News media consumption and support for counter-terrorism measures: the role of hatred and fear

Maitane Arnoso-Martínez*, Magdalena Bobowik, Nerea González-Ortega, Borja Martinović

*Corresponding author for this work

Research output: Contribution to journalArticleAcademicpeer-review

Abstract

Media are a key social agent shaping society’s responses to measures implemented in the fight against terrorism. We argue that emotions elicited by media narratives on terrorist attacks are decisive to understand the link between the news media consumption and citizens’ support for military intervention in the Middle East, as well as for security measures in the home country. In two studies conducted after the Brussels attacks (N = 250) and the Barcelona attacks (N = 633), we tested the explanatory role of emotions–specifically fear and hatred–in the association between media narratives and these two outcomes. The results of both studies show that hatred explained the positive relationship between news media consumption and support for military intervention, and to a lesser degree, agreement with security measures. In contrast, the positive relationship between news media consumption and agreement with security measures was explained by fear. This research underscores the need to consider how emotions are utilized in media discourse. We discuss practical implications of our findings for promoting ethical journalism.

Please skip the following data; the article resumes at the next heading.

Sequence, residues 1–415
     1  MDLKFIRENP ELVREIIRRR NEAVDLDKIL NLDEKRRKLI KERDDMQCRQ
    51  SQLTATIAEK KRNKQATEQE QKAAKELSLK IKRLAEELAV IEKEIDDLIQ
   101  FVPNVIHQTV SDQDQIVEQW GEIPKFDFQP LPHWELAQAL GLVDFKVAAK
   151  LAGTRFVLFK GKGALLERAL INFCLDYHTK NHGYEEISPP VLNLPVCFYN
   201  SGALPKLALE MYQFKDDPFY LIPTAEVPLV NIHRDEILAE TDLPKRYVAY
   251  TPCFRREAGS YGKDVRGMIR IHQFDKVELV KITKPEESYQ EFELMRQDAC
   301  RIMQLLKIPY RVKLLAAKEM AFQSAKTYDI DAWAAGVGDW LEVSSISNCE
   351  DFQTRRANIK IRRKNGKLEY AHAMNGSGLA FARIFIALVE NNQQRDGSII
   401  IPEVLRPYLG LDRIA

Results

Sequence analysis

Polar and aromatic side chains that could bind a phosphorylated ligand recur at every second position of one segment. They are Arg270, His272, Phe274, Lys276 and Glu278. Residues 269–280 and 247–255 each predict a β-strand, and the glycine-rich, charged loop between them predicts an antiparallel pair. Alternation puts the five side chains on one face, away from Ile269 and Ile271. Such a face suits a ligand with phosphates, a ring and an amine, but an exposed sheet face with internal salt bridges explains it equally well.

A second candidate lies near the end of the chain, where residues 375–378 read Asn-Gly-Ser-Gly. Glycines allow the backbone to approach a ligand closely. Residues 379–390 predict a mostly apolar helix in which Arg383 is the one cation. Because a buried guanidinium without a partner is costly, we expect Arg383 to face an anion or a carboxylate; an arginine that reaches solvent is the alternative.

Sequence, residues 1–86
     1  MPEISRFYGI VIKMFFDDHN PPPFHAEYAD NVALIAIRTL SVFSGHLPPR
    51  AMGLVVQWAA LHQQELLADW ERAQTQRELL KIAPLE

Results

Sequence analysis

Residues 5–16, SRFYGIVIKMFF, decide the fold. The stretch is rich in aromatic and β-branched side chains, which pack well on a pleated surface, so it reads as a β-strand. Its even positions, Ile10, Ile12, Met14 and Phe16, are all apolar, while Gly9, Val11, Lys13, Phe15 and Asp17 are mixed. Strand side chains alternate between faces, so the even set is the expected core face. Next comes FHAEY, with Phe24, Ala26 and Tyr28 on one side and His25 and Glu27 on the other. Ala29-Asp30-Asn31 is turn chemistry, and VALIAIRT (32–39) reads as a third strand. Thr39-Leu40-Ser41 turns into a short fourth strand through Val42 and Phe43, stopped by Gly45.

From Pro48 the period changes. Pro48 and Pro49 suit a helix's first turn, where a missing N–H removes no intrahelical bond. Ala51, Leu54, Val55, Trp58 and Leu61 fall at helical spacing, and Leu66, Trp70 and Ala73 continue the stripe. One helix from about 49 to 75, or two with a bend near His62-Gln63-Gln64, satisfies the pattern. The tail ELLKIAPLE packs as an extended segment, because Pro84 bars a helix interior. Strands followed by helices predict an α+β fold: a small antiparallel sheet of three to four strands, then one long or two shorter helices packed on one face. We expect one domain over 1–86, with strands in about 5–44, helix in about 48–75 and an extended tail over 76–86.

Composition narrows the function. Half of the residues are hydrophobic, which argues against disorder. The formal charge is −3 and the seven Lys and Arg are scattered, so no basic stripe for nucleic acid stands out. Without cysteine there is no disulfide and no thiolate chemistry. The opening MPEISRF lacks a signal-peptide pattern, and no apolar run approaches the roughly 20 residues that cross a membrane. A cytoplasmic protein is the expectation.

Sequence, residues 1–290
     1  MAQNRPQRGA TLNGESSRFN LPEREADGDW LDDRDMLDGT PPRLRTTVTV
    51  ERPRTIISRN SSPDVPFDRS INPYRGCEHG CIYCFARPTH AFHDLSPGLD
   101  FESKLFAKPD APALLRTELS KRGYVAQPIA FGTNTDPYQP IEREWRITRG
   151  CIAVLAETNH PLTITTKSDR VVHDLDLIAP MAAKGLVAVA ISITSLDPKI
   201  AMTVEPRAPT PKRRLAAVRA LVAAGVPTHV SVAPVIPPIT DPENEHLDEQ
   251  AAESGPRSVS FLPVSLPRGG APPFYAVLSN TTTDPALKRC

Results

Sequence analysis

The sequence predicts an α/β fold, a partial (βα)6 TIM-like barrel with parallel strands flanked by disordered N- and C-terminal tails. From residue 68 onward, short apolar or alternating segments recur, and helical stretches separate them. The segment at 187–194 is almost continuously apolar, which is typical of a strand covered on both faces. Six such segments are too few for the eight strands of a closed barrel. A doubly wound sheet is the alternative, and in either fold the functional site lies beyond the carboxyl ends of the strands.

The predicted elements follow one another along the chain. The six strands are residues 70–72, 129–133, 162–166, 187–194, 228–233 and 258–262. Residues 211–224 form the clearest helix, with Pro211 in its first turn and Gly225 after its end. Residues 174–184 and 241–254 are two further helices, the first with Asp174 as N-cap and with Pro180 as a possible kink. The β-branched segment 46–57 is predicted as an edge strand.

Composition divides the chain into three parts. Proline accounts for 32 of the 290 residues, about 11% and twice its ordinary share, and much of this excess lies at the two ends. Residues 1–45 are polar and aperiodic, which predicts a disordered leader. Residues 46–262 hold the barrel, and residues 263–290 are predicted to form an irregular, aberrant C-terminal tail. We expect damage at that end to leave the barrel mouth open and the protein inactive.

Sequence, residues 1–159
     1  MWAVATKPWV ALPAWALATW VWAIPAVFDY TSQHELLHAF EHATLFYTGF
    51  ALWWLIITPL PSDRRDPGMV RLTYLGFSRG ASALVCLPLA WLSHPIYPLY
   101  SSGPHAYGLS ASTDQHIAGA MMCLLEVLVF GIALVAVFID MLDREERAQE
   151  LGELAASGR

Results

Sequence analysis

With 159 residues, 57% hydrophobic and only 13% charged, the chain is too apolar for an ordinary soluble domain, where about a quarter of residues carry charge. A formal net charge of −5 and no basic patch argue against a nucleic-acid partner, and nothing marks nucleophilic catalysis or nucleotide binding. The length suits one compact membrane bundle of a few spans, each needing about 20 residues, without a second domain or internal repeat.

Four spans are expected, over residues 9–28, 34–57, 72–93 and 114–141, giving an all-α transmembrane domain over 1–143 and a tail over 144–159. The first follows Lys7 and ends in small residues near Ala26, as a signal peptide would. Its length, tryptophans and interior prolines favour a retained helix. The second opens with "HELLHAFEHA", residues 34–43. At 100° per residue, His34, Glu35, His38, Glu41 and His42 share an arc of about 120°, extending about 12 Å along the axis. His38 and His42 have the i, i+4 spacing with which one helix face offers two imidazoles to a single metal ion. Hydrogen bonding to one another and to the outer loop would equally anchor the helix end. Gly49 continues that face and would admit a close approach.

Original languageEnglish
JournalJournal of Social Psychology
DOIs
Publication statusE-pub ahead of print - 2024

Keywords

  • Fear
  • hatred
  • news media consumption
  • support for military intervention
  • support for security measures
  • terrorism

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